New yESTRO committee member: Jolien Heukelom - PDF Version
What is your current position?
I work at The Netherlands Cancer Institute, where I combine research and clinical training. I am in the fourth year of the residency programme and I expect to become a radiation oncologist at the end of 2020 or early in 2021. I hope to defend my thesis later this year.
What is your educational background?
I am a medical doctor.
What is your area of research?
Radiotherapy for head and neck cancer, and especially the trade-off between cure and toxicity.
How long have you been a member of the European SocieTy for Radiotherapy and Oncology (ESTRO)?
I have been an ESTRO member since 2012, when I first started to work in the field of radiation oncology.
What role has ESTRO played in your career?
I have had the privilege to be awarded combined ESTRO and Adaptive and innovative Radiation Treatment FOR improving Cancer patients’ treatment outcome (ARTFORCE) travel grants, both in 2012 and 2013. Those small successes early in my career encouraged me to apply for grants more often. I am grateful for those early awards and ultimately for grants I received that allowed to me to go to the MD Anderson Cancer Center in Houston, Texas, to do part of my PhD research there. This experience has had a great impact on my personal and professional development. I made a lot of friends in Houston, both in the hospital and in the sailing team I was in. I’ve sailed in Dutch races with my Houston teammates. Also, the research I performed there in 2014 has led to further collaborative efforts and multiple publications. Furthermore, I participated in the AGORA meeting in 2016 and the Foundations of Leadership course in 2018. Through both of these activities I have been able to meet colleagues from different disciplines and countries. To me, this is a very nice way to broaden my view, and to learn from others.
What ESTRO activities have you been involved in so far? And in the future, are there some specific missions within the society that you would like to participate in?
I have been to several ESTRO annual conferences and have had the privilege to attend two ESTRO courses. A couple of years ago, I took part in a mini-symposium at ESTRO, in which researchers who worked on similar topics joined in a discussion on that particular subject. I thought that really added value to my visit to the conference.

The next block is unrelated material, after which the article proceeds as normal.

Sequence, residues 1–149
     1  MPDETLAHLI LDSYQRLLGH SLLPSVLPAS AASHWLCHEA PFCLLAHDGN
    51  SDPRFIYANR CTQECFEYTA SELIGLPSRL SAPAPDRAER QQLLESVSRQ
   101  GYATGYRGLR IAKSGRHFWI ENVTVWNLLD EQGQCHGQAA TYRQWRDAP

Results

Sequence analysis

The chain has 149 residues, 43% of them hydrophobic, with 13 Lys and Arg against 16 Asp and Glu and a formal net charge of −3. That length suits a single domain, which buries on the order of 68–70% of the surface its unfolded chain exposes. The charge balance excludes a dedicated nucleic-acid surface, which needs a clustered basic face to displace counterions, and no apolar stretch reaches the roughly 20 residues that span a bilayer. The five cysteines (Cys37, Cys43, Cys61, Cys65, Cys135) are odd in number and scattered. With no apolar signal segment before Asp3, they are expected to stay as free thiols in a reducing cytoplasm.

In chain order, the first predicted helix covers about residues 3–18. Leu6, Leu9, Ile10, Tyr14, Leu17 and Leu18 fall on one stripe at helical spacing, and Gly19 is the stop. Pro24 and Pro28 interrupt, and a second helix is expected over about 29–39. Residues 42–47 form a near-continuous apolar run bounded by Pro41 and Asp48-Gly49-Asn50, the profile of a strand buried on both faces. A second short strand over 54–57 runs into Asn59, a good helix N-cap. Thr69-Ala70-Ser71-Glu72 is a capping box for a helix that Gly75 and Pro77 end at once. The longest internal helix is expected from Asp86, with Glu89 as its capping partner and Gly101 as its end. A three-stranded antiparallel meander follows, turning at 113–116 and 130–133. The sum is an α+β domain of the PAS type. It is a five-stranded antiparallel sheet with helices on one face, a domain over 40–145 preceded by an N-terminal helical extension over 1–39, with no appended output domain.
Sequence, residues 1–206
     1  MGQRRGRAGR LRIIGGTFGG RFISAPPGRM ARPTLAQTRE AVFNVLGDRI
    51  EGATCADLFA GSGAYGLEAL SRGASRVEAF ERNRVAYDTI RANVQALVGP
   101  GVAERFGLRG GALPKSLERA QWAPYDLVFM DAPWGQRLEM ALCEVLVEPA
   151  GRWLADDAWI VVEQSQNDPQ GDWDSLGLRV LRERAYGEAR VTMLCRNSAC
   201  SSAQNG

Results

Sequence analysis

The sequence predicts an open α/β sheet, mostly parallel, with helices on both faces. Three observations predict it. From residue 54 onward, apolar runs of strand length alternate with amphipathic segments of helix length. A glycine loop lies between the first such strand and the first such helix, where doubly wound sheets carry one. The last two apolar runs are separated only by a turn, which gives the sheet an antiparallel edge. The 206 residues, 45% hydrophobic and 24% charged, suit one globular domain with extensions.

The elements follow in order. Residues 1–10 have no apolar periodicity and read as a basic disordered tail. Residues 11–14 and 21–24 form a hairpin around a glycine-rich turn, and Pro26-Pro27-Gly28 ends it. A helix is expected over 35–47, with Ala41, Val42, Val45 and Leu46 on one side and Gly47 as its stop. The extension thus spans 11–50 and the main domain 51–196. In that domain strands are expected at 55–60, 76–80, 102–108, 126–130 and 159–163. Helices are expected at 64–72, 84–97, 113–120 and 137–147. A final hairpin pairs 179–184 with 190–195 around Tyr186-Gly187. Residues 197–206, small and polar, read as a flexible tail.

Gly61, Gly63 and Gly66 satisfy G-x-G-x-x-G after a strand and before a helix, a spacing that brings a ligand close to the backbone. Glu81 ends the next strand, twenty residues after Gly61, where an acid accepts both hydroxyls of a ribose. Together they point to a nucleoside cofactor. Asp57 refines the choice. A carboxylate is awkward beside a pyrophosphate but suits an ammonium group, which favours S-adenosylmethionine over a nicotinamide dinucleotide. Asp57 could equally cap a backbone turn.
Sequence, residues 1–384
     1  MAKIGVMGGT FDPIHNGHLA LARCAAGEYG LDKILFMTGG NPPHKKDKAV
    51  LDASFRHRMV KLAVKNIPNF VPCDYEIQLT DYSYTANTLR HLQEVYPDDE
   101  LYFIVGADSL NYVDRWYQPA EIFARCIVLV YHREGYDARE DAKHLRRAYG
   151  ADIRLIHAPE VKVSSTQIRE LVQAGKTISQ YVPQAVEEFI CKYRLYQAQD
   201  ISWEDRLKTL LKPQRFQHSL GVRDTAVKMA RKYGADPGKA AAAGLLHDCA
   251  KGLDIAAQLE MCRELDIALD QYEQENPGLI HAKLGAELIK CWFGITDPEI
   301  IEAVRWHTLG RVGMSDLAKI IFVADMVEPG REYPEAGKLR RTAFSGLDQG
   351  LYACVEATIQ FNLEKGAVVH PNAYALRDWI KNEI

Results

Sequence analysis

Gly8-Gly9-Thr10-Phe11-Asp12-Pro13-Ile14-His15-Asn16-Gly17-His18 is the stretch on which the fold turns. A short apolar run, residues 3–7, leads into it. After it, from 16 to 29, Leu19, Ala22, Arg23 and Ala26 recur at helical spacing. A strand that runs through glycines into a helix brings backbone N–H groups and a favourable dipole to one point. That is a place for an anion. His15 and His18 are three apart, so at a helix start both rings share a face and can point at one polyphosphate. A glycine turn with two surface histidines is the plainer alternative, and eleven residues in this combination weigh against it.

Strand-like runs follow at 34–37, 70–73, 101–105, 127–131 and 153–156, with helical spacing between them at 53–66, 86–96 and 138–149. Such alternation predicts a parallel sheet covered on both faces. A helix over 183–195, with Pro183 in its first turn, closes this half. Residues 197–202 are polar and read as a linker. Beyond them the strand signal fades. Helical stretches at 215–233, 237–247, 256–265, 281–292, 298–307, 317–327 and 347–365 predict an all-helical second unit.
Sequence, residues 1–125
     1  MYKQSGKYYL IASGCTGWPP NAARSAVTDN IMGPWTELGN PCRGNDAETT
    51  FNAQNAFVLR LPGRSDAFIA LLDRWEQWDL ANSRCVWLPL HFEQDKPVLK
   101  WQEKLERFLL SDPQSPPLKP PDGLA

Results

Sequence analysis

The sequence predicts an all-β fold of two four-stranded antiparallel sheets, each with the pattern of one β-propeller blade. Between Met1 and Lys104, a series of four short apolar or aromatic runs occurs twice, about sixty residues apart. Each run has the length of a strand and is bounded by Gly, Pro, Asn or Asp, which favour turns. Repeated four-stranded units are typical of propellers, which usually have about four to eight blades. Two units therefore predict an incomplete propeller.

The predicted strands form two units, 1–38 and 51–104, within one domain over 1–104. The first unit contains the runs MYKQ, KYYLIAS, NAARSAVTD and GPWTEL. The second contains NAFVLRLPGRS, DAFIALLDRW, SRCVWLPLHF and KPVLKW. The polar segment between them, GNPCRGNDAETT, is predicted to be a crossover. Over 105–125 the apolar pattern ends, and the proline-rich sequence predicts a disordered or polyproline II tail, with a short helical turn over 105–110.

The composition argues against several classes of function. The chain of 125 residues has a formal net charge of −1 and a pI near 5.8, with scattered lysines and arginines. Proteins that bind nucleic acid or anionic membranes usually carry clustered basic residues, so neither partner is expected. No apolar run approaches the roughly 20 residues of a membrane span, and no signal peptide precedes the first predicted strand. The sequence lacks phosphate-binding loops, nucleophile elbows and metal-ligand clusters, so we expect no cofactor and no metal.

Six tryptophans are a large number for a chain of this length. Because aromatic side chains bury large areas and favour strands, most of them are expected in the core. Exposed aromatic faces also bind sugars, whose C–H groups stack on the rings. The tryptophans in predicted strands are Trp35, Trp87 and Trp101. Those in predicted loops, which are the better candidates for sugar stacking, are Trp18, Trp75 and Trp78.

Regarding the future, I am honoured by the invitation to chair the YoungTrack for the annual ESTRO conference in 2020.
Why did you want to join the Committee?
I guess the answer to this question is twofold. There is personal motivation: learning about radiation oncology in different institutes and countries, and meeting colleagues from Europe etc. There is a more altruistic reason, too: I have been able to participate in many ESTRO activities and I am enthusiastic to do something in return. I enjoy dedicating part of my time to the Society, especially to the involvement of its young members.
Why would you recommend students and young radiation oncology professionals to become members of ESTRO?
ESTRO has a lot to offer. For instance, it has educational opportunities in abundance: through the website, the conferences and live courses. In addition, it is a great way to get to know others in the field. I think fulfilment in life - or at least some part of happiness in life - often is related to a high job satisfaction. This is easier when you know nice people doing similar things. You can meet them at ESTRO!
The Netherlands Cancer Institute
Amsterdam, The Netherlands